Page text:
[Marxism] Rift at Jewish School in Manhattan Over Canceled Plan for Israeli-Palestinian Talk

Louis Proyect lnp3 at panix.com
Thu Feb 27 06:13:08 MST 2014


N.Y. Times, Feb. 27 2014
Rift at Jewish School in Manhattan Over Canceled Plan for 
Israeli-Palestinian Talk

By JACOB W. SOTAK

During a presentation on the Israeli-Palestinian conflict, Peter 
Beinart, an author and columnist who writes frequently on the topic, 
suggested to a group of high school students that they invite a 
particular Columbia University professor to give his views.

It was a suggestion he had made to similar groups. Still, Mr. Beinart 
said, he was surprised when the students followed through.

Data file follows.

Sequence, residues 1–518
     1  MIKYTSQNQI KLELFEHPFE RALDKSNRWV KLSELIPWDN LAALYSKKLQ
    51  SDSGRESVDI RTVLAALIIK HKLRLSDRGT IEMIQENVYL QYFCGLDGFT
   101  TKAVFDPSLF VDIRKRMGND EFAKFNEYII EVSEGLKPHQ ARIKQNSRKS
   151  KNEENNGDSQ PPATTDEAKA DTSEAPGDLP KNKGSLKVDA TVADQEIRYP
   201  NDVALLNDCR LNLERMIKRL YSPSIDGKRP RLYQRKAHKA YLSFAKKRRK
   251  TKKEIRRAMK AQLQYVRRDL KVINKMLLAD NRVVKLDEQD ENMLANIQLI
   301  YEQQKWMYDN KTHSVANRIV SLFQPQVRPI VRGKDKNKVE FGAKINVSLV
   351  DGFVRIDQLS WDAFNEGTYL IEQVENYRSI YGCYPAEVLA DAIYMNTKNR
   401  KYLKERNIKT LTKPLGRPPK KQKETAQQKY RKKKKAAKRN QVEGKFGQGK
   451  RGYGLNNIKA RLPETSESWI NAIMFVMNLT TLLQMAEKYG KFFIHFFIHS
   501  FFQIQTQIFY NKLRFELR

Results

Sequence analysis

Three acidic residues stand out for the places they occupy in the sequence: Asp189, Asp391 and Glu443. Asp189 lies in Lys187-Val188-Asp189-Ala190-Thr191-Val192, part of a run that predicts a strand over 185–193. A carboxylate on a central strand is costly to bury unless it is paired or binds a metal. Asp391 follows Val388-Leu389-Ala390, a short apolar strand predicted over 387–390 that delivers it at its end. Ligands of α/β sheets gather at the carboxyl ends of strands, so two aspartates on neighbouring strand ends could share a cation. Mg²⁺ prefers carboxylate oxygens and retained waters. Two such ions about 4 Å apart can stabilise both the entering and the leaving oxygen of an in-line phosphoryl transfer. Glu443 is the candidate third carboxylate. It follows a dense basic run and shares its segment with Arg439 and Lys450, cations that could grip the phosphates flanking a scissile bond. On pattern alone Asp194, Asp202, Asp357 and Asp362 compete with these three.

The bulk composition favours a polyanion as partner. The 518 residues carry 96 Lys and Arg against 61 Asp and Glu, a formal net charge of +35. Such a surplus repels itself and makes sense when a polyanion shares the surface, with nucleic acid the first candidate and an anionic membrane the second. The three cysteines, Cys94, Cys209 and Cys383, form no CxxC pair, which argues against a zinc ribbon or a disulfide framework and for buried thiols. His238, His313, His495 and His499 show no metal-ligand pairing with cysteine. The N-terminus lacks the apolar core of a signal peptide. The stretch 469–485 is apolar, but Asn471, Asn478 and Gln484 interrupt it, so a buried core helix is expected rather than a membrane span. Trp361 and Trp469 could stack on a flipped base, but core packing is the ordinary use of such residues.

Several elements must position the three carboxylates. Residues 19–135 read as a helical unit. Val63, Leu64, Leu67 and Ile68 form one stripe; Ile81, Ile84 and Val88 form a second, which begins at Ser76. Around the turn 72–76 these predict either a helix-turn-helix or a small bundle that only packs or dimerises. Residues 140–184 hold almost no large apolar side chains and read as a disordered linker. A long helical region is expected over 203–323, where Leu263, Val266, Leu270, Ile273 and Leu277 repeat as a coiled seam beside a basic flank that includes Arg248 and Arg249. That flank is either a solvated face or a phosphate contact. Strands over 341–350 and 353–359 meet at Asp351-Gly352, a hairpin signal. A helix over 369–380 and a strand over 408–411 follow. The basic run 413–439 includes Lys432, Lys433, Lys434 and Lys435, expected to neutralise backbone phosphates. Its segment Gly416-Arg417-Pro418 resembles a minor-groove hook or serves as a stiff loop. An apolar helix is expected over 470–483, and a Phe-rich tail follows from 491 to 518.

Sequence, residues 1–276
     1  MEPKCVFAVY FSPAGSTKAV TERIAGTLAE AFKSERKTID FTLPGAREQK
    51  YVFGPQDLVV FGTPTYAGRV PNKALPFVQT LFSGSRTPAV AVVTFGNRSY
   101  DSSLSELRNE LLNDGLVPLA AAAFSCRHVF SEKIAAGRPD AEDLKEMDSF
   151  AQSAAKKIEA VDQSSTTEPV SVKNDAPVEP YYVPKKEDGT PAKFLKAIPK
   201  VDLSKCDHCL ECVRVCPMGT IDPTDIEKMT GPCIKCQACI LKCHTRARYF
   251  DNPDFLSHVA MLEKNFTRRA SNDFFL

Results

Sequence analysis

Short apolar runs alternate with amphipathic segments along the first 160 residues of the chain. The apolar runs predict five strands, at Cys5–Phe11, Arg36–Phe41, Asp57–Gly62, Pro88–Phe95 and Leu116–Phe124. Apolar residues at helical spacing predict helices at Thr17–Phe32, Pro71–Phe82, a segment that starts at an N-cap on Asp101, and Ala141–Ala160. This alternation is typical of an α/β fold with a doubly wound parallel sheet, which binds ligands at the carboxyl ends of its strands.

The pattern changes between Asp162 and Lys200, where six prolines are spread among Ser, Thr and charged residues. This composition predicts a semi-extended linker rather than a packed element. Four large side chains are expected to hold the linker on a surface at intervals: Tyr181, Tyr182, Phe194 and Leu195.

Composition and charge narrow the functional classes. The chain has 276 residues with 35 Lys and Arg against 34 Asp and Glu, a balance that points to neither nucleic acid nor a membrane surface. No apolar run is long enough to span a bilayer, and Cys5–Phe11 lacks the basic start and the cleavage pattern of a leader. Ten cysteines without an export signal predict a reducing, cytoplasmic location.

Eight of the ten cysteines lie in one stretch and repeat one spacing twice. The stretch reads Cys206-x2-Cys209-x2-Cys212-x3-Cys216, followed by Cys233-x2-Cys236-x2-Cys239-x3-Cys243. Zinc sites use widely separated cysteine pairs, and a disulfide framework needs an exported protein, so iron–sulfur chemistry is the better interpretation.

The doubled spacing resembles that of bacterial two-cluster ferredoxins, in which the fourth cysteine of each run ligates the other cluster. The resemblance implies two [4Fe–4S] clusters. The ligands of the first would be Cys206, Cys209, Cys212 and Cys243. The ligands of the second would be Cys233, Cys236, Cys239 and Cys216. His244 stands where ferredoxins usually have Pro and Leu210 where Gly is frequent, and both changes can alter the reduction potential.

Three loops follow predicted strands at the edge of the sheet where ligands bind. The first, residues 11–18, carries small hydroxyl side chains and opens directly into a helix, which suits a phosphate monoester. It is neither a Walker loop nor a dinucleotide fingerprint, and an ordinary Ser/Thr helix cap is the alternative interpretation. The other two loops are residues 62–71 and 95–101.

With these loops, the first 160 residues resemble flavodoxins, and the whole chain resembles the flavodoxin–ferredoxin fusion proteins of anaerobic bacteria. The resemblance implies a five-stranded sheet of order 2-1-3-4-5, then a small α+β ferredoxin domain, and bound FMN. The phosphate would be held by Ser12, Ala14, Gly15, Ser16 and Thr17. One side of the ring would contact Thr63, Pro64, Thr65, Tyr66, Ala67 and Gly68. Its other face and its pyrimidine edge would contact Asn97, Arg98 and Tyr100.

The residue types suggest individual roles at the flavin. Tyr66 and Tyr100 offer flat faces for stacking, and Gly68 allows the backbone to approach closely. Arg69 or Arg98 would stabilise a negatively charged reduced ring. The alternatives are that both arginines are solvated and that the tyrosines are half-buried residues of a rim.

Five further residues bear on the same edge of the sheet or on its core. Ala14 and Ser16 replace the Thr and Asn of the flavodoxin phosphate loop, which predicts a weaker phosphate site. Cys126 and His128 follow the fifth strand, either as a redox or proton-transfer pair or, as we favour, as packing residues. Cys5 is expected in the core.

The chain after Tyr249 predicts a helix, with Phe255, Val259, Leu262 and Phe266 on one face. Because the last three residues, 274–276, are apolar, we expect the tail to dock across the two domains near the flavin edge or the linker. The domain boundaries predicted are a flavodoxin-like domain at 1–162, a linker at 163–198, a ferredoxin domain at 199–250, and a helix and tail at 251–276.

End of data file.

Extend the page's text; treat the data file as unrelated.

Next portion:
But there was one problem. The students attend Ramaz, a prestigious 
private Orthodox Jewish school on the Upper East Side, and the 
professor, Rashid Khalidi, is well known for his outspoken support of 
Palestinian resistance to Israel’s policies in the Palestinian territories.

The invitation came from a student group called the Ramaz Politics 
Society, or RamPo. Though the group’s faculty adviser and other 
administrators supported the invitation, Paul Shaviv, the head of the 
school, overruled them and rescinded it.

In response, the society drafted an open letter to Mr. Shaviv that reads 
in part: “I believe it is critical that Ramaz students are exposed to 
different perspectives and that open dialogue be encouraged at Ramaz, 
not limited.” The letter has garnered the support of nearly one-third of 
the high school’s student body, as well as more than 100 signatures from